The concept of Farmers’ Rights recognized the role of farmers as custodians of biodiversity and helped to draw attention to the need to preserve practices that are essential for sustainable agriculture. This paper examines one particular aspect of such rights, perhaps the most controversial. It deals with the component of farmers’ rights referring to the use, exchange and sale of farm-saved seeds. Although that concept was initially introduced in 1989 with the aim of balancing the rights of farmers as breeders and of commercial plant breeders, a specific reference to the rights relating to seeds was only introduced upon the conclusion of the International Treaty on Plant Genetic Resources for Food and Agriculture (ITPGRFA) in 2001.
Highlights of COP 22 in Marrakech 2016, including interpreting the Paris Agreement
A year after the historic Paris Agreement was adopted, the UN Climate Change Convention held its 22nd Conference of Parties in Marrakech in November 2016. The Paris Agreement has come into force, in record time, but as the COP22 showed, there are big differences on what Parties understand the Agreement to mean. (more…)
Gandhi, his writings and his words are as relevant as ever today as when he lived. This is the theme of the Sixth Gandhi Memorial Lecture presented by Gurdial Singh Nijar, a prominent Malaysian lawyer and former law professor, and organised by the Gandhi Memorial Trust, Malaysia. The text of the lecture, which was presented in Kuala Lumpur in October 2016, is published in this policy brief.
The Chairman of the South Centre, H.E. Benjamin Mkapa, former President of Tanzania, has sent a letter to the President of Cuba H.E. Raul Castro to extend the Centre’s condolences on the passing away of President Fidel Castro, who was a friend and supporter of the Centre and the South Commission. Below is the letter.
South Centre Statement to the 18th session of WIPO Committee on Development and Intellectual Property
The following is the statement delivered on 31 October 2016 by the South Centre to the World Intellectual Property Organization’s (WIPO) Committee on Development and Intellectual Property (CDIP) at its eighteenth session. The Centre highlights the importance of the WIPO Development Agenda.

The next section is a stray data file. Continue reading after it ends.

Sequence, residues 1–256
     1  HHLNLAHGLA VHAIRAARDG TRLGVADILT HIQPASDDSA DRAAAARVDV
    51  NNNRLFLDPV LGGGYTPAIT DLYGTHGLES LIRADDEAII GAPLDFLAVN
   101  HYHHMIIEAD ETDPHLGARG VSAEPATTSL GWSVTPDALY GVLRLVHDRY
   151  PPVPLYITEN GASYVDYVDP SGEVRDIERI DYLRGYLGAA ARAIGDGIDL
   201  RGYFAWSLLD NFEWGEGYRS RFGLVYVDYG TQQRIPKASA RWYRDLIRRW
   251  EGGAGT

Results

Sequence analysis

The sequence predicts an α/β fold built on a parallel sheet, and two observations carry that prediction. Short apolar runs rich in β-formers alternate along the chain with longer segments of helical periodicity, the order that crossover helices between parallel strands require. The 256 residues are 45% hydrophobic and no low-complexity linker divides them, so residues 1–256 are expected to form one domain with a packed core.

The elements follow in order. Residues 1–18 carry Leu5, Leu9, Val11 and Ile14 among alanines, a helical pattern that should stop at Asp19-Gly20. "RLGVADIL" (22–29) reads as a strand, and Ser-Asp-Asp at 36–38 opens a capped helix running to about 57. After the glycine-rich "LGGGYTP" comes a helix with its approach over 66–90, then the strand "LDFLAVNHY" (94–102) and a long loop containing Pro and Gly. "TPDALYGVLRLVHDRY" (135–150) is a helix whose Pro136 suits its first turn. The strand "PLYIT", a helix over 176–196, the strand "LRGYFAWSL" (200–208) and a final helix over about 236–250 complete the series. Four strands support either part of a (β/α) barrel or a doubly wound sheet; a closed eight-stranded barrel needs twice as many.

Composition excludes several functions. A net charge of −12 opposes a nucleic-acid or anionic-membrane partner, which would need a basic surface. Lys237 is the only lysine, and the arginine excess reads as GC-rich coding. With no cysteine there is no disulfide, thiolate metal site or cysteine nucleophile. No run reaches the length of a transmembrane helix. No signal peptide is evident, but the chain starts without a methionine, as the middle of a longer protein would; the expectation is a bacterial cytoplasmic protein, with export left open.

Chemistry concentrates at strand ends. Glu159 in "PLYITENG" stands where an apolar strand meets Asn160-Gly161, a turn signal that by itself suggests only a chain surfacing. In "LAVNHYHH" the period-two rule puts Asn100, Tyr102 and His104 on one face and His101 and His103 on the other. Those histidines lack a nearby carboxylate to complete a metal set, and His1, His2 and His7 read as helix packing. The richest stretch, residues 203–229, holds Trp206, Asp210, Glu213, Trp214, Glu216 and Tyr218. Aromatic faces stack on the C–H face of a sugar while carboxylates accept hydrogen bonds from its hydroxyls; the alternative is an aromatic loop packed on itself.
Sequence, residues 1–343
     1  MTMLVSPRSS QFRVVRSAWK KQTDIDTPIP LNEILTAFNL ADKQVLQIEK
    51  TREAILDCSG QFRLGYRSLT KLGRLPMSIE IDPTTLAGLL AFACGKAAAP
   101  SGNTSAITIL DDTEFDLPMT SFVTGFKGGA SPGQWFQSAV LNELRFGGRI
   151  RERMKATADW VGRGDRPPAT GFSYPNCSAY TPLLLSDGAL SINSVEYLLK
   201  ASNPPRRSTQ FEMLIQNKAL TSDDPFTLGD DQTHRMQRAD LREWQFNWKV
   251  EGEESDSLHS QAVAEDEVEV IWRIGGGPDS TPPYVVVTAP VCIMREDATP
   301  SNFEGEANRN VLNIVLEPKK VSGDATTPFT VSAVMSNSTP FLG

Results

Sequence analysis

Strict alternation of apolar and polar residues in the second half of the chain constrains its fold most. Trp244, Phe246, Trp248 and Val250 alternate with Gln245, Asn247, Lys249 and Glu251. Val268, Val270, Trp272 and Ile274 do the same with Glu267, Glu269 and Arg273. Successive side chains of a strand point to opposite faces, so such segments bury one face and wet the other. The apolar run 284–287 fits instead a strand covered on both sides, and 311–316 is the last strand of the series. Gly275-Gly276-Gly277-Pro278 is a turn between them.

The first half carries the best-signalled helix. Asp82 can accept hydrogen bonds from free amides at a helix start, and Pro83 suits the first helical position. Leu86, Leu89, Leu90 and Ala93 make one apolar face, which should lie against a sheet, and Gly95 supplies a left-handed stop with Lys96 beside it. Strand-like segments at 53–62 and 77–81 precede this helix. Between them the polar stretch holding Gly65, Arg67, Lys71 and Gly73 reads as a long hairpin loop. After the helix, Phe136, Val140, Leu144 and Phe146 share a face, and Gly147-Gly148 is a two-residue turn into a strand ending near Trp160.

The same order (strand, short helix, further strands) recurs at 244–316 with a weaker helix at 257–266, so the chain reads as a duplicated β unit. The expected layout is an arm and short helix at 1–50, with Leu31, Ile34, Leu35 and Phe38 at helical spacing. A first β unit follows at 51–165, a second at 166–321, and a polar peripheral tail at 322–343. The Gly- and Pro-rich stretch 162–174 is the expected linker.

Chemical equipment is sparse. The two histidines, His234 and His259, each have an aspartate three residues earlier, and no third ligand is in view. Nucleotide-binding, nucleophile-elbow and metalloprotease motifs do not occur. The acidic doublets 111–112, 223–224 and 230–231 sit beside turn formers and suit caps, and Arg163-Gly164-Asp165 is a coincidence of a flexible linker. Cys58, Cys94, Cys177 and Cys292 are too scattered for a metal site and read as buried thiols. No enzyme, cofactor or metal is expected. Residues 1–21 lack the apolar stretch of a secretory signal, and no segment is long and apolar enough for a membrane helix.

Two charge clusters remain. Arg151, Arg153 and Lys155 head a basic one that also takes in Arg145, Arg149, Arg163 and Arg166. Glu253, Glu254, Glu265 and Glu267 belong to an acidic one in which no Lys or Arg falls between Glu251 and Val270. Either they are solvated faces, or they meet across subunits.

The two-way inter-linkages between gender equality and women’s empowerment and climate change are now well established: climate change impacts and how they are managed, including financing and capacity building support, can help to foster or hinder gender equality and women’s empowerment goals (women’s and men’s lives, livelihoods and well-being) and enhancing gender equality and women’s empowerment goals and processes can help in the successful achievement of climate goals and policies, at national, regional and global levels. (more…)
The Declaration on the Right to Development, adopted by the UN General Assembly in 1986 (as Document 41/128) is 30 years old. It is appropriate to celebrate this anniversary. For the right to development has had great resonance among people all over the world, including in developing and poor countries. Even the term itself “the right to development” carries a great sense and weight of meaning and of hope. (more…)
The Right to Development, Small Island Developing States and the SAMOA Pathway
In 2015, the United Nations community reached agreements on updating the financing for development mechanisms, Agenda 2030 and an updated climate change regime. The SAMOA pathway is an important resource and an input to these efforts. (more…)
The outcome of the Third International Financing for Development Conference held in Addis Ababa on 13-16 July 2015 exposes the waning state of multilateral development cooperation today. In the outcome, which was nevertheless grandly called the “Addis Ababa Action Agenda” (AAAA), there were no new commitments and no proposed actions that can properly be deemed responsive either to (1) the flimsy state of international financing today or (2) the financing requirements of the UN’s new development agenda based on the 17 sustainable development goals (SDGs). (more…)